Calculate the running time and consider only the leading term of the formula which gives the order of magnitude. Example 1 for( i = 0; i< n; i ++) { ... ... } Assume there are c number of statements inside the loop Each statement takes 1 unit of time Execution time for 1 loop = c * 1 = c Total execution time = n * c Since c is constant it is insignificant. So the order is n

B.Sathis Kumar VIT CC

In calculating the order of magnitude, the lower order terms are left out as they are relatively insignificant. The assumptions in the example are made because we will not know on which machine the algorithm is to be implemented. So we cant exactly say how much time each statement will take. The exact time depends on the machine on which the algorithm is run. In the example the approximation is done because for higher values of n, the effect of c (constant) will not be significant. Thus, constants can be ignored.

B.Sathis Kumar VIT CC

for( i=0;i<n; i ++) { for(j=0;j<m;j++) { . . } } Assume we have c number of statements inside the innermost loop Following the same assumptions as the earlier example Execution time for 1 loop = c * 1 Execution time for the inner loop = m * c Total execution time = n * (m * c) Since c is a constant, the total execution time = n * m

B.Sathis Kumar VIT CC

The analysis of the algorithm can be performed based on the nature of the problem. Thus we have: Worst case analysis Average case analysis Best case analysis

Worst case:

Under what condition/s does the algorithm when executed consumes maximum amount of resources. It is the maximum amount of resource the algorithm can consume for any value of problem size.

Best case:

Under what condition/s does the algorithm when executed consumes minimum amount of resources.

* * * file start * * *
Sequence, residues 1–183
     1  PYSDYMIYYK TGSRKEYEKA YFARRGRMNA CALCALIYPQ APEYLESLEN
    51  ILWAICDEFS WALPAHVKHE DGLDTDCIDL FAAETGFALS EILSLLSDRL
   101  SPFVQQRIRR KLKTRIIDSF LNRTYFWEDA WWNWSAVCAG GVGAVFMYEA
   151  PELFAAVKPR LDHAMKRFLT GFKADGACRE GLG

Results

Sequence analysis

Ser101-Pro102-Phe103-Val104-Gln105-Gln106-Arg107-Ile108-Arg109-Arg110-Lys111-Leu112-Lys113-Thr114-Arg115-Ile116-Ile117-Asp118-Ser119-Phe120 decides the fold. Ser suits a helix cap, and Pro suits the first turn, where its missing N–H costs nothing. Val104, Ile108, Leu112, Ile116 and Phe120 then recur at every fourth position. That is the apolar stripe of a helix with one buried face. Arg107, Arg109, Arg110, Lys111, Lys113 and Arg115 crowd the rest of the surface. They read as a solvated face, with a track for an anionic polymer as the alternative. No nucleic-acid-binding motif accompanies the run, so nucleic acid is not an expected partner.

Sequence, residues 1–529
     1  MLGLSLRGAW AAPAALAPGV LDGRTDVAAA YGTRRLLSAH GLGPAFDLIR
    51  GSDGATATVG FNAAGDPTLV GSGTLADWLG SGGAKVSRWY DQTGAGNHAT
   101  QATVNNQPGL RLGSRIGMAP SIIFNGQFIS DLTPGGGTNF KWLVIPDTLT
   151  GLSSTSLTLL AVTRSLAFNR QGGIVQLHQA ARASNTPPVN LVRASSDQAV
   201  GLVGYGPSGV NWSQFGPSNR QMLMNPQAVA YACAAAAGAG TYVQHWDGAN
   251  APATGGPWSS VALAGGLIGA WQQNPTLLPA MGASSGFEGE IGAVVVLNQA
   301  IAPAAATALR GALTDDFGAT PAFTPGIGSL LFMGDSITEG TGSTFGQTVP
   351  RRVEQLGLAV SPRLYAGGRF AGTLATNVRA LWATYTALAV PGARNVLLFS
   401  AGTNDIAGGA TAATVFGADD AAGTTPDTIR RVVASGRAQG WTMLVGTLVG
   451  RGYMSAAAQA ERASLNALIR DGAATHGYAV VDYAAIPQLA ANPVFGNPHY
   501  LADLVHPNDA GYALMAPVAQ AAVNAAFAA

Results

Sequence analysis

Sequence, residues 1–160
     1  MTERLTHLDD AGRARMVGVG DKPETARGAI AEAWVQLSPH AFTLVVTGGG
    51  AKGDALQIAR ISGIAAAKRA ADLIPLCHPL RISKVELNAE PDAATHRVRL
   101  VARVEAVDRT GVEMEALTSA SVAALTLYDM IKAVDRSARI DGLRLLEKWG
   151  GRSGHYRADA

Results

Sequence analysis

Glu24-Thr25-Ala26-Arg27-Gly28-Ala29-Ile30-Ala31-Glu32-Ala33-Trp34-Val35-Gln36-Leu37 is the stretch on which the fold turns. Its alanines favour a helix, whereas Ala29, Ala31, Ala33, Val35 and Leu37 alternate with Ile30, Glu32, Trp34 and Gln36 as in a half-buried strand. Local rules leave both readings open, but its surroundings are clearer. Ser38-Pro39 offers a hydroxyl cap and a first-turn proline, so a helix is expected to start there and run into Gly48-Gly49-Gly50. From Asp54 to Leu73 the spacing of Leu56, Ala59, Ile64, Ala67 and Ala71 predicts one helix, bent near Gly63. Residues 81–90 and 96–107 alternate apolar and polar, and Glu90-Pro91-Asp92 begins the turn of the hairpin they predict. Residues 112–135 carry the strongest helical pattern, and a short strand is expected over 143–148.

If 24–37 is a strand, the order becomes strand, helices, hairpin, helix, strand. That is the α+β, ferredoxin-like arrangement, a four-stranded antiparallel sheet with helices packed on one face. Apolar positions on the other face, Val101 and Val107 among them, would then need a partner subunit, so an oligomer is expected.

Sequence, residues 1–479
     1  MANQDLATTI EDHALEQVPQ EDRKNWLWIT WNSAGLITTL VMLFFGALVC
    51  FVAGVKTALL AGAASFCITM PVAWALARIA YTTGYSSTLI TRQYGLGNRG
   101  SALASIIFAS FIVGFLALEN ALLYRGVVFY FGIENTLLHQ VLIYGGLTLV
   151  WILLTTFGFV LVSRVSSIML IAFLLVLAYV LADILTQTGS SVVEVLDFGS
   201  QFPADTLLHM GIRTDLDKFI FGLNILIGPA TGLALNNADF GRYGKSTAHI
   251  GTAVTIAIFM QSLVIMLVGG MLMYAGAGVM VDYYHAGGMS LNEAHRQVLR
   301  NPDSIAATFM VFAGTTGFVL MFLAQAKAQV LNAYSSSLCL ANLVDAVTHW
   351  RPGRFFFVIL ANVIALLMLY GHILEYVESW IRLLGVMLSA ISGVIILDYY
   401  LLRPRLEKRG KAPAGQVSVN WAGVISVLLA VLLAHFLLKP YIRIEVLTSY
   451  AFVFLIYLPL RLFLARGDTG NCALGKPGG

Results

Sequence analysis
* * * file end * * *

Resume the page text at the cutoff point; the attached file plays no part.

Average case:

This is between worst case & best case. It is probabilistic in nature. Average-case running times are calculated by first arriving at an understanding of the average nature of the input, and then performing a running-time analysis of the algorithm for this configuration. Average case analysis is done by considering every possibility are equally likely to happen.

Even though the average case is more tends towards the real situation worst case analysis is preferred due to the following reasons: It is better to bound ones pessimism the time of execution cant go beyond T(n) as it is the upper bound Generally it is easy to compute the worst case analysis as compared to computation of best case and average case of algorithms

The limiting behavior of the complexity of a problem as problem size increases is called asymptotic complexity The most common asymptotic notations are: Big Oh ( O) notation: It represents the upper bound of the resources required to solve a problem. It is represented by O For example Upper bound is also called the upper limit or the range of maximum values. Eg: when we consider marks of a student out of 100, 100 is the upper bound. Student cant get marks greater than 100. Omega notation: It represents the lower bound of the resources required to solve a problem. It is represented by

Case (i) : A Project manager requires maximum of 100 software engineers to finish the project on time. Case (ii) : The Project manager can start the project with minimum of 50 software engineers but cannot assure the completion of project in time. Which case is preferred? Case (i) is preferred in most of the situations

Case (i) is similar to Big Oh notation, specifying the upper bound of resources needed to do a task. Case (ii) is similar to Omega notation, specifying the lower bound of resources needed to do a task.